How Does Long-term Alcohol Abuse Affect the Brain?

March 4, 2019

How Does Long-term Alcohol Abuse Affect the Brain?

 

For many people, alcohol is a part of their regular life, be it drinks with dinner or catching up with friends over a Friday night cocktail. In low to moderate amounts, alcohol has its benefits – it makes people more happy, more social, and more relaxed. It is also believed that responsible drinking carries certain health benefits, especially for the heart and conditions such as diabetes and gallstones. Unfortunately, alcohol, especially if abused over a long-term period, has many downsides as well, especially on the brain.

At Smarmore Castle, we often treat patients presenting with symptoms of mild brain damage, which can respond well to treatment. Although less frequently, we also see patients with severe brain damage who may be unlikely to gain much benefit from treatment and for whom the prognosis is poor.

What is Alcohol?

Alcohol is classified as a depressant drug, which means it slows down the central nervous system and bodily functions. Alcohol affects various neurotransmitters in the brain, including GABA, glutamate, serotonin and dopamine, producing the well-recognised effects of drinking such as slower movement, slurred speech, lower inhibitions, increased euphoria and better sociability.

While many people use alcohol responsibly as a way to unwind, others develop a drinking problem. Like other drugs, alcohol can be highly addictive, both physically and psychologically, and just as dangerous as serious substances such as heroin.

Drinking Alcohol has Negative Consequences from the Start

Excessive drinking causes intoxication, which may cause loss of coordination, dizziness, vomiting, poor judgement, reduced reaction time. Drinking too much, too fast can cause blackouts, loss of consciousness, coma, or death.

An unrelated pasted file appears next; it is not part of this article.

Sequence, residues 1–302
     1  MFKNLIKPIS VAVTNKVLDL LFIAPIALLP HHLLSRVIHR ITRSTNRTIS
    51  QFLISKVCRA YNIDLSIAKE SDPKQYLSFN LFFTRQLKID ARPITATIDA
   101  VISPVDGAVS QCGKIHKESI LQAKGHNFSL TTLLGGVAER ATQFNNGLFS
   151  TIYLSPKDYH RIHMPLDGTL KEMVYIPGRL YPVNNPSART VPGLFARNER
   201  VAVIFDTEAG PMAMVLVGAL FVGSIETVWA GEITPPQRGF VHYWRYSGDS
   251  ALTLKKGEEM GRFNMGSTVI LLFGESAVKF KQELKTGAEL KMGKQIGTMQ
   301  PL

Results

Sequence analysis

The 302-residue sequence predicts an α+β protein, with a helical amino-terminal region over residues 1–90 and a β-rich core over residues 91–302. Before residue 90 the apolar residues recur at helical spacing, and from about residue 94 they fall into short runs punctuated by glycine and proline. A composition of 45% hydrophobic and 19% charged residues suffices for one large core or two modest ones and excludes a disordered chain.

Chronic or heavy drinkers may end up experiencing withdrawal symptoms upon cessation of drinking. Withdrawal symptoms include cognitive impairment, mood swings, nausea or vomiting, sweating, sleeping problems, seizures and hallucinations. While a hangover is not equivalent to withdrawal, if you’ve ever had one, you’ve experienced to some degree how horrible the symptoms can be.

Over time, alcohol can produce various negative effects on the body as well, including balance and coordination issues, digestive distress, pancreatitis, liver damage, heart damage, osteoporosis, diabetes, stroke and sexual dysfunction. The physiological damage due to alcohol is usually more evident than the brain damage, which unfortunately can be just as serious.

What Effect does Abusing Alcohol Have on the Brain?

Alcohol affects the brain greatly, both in the short-term and long-term. Alcohol also influences activity in the cerebellum, hippocampus, frontal lobe and other parts of the brain.

Some of the effects are alcohol are clear and obvious, while others are not. The changes alcohol produces in the brain affect a person’s behaviour, emotions and physical state. Oftentimes, it is these changes to the brain that are responsible for alcohol’s physiological symptoms.

Short-Term Effects of Alcohol on the Brain

Most of us are familiar with the short-term effects of alcohol consumption. In small amounts, alcohol feels like a stimulant, producing a warm, happy, energised and sociable feeling. This is due to elevated glutamate activity, and serotonin and dopamine levels. At moderate or heavy amounts, it will switch to being a depressant, producing a relaxed, lazy-like sensation. This is caused by elevated levels of GABA, an inhibiting neurotransmitter.

In addition, alcohol clouds one’s judgement and lowers inhibitions by reducing activity in the frontal lobe, which can lead one to making foolish decisions or partaking in risky behaviour.

Alcohol's Effects on Different Parts of the Brain

Alcohol’s effects on the cerebellum cause a person to develop balance and coordination issues. With elevated blood-alcohol levels, a person will likely feel dizzy, experience blurred vision, or won’t be able to walk in a straight line.

Alcohol’s effects on the hippocampus are responsible for a person’s memory loss and blackouts. There is a widely held belief that alcohol makes people forget – this is not exactly true. Generally speaking, alcohol prevents the formation of new memories. Having said that, legitimate memory loss does happen to people with long-term alcohol-induced brain damage.

In both short and long-term, alcohol tends to have a more dramatic effect on people with a comorbid condition such as depression, schizophrenia, or bipolar disorder. Alcohol tends to increase mood swings and worsen symptoms. Some mental illnesses are actually triggered by excessive consumption.

Most short-term effects occur due to high blood-alcohol levels, and can be relieved by taking breaks between drinking, alternating between alcoholic and non-alcoholic drinks, slowing down the pace of drinking and not consuming alcohol on an empty stomach.

Long-Term Effects of Alcohol on the Brain